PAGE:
Mark Powell, vice president of events and general manager for the venue, recalls, “We opened the doors to the arena in October of 1991 to a sold-out Oingo Boingo concert. Since then, the facility has hosted nearly every major touring concert in the world including U2, the Rolling Stones and Garth Brooks. ,’ he said. “One of my favorite memories is from the 1997 NBA Playoffs. Tina Turner was on our stage while the Jazz were playing in Houston against the Rockets and John Stockton hit ‘the shot’ that sent us to the NBA Finals that season. The crowd roared and Ms. Turner could not figure out what was happening as the adulation was not in timing with her run of show.”

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In 1993, the Utah Jazz hosted the NBA All-Star Game in Salt Lake City. Team President Randy Rigby recalls a special moment that not only brought players together, but also families and the community.

“I will always remember seeing the arena packed with not only NBA fans, but Jazz fans as well. At the end of the game, John and Karl (Malone) were holding up the co-MVP trophy with their small children in tow,” Rigby said. “This moment captured the spirit of Salt Lake and created an iconic memory for not only the Jazz basketball family, but for this community, which prides itself on being so family friendly as well.”

During the 2002 Olympic Winter Games, the venue was renamed the Salt Lake Ice Center, for the Games. The surprise gold-medal figure skating performance of American Sarah Hughes and the double-medal breakout of Apolo Anton Ohno in short track speed skating are among the many signature sports moments at the arena.

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“Taking over the venue for 20 plus days in the middle of the NBA season was a remarkable feat. Without the generosity of Larry and Gail Miller, we would have not been able to make it happen,’” recalls Lori Kun, the sport manager for the Salt Lake Organizing Committee. “Many of the arena’s guest services staff, including greeters, ushers, and ticket takers volunteered their time for this once-in-a-lifetime experience. Larry personally spoke at our volunteer training session and it was incredibly emotional and inspirational for us all.”

Since the arena’s opening in 1991, 22 new facilities have been built around the league for NBA teams. Only six NBA arenas currently in use by the Golden State Warriors (1966), New York Knicks (1968), Milwaukee Bucks (1988), Sacramento Kings (1988), Detroit Pistons (1988) and Minnesota Timberwolves (1990) are older than the home of the Utah Jazz. Each of these franchises is in the process of building a new arena or implementing a significant renovation plan.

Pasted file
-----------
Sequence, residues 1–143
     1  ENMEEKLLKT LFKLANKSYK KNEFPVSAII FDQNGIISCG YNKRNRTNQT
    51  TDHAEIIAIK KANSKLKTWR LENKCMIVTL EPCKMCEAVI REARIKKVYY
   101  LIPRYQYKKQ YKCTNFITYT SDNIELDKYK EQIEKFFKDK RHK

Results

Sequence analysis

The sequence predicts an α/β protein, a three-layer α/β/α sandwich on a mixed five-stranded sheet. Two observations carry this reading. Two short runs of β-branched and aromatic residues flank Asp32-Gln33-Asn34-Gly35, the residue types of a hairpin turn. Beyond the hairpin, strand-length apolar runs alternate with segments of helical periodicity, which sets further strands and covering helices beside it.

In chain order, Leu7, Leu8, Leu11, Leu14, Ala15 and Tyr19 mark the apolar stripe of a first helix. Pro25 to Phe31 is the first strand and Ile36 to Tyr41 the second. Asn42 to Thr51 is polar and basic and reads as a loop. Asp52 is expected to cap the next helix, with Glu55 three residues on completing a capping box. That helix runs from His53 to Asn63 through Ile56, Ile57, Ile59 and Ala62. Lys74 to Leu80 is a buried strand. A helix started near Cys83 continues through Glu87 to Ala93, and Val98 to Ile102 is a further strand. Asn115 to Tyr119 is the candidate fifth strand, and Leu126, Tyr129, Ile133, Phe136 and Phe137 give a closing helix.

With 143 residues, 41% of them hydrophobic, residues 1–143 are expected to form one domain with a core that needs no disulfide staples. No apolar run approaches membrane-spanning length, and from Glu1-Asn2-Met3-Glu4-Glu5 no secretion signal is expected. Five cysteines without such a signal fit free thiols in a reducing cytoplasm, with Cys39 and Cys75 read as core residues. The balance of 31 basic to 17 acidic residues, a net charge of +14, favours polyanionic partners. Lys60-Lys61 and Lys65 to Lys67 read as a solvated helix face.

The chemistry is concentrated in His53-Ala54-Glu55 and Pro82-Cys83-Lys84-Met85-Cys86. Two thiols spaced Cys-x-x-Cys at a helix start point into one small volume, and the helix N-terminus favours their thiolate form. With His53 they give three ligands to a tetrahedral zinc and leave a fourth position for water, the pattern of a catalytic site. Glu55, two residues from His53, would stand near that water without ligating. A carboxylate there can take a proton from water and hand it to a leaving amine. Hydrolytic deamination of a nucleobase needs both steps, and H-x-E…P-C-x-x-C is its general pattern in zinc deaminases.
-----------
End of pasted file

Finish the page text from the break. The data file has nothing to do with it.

In the last five years, about $25 million has been invested into EnergySolutions Arena. With an emphasis on enhancing the fan experience, upgrades include an improved public address system, enlarged concourse entries with retail and food offerings, digital direction and concessions signage, the addition of the Legends Club, two Fanzz stores and the expansion of the main team store, and numerous energy efficiency projects. The most significant improvement was a $15 million investment prior to the 2013-14 season for the installation of a new high definition video display system and other building infrastructure. Appearing bigger than life, the center court video boards are seven times larger than their predecessor with twin, 42-foot-by-24-foot screens that run the length of the court.

The defining characteristic that brings the building its national renown is its sheer volume during Utah Jazz home games. Rigby notes, “The Jazz have a passionate and knowledgeable fan base that gives us a homecourt advantage. We have an enduring relationship with the community and sincerely appreciate the loyalty, enthusiasm and support of our fans.”

For nearly 25 years, it has been a shared experience with the community. The presence of the downtown arena has contributed to the economic vitality of the region, improved the quality of life through world-class entertainment and rallied citizens through the fandom of sports. With its 7.6 million pounds of rebar and more than 80,000 square feet of glass, the arena still has a personality that brings bright eyes and big smiles to its visitors of all ages.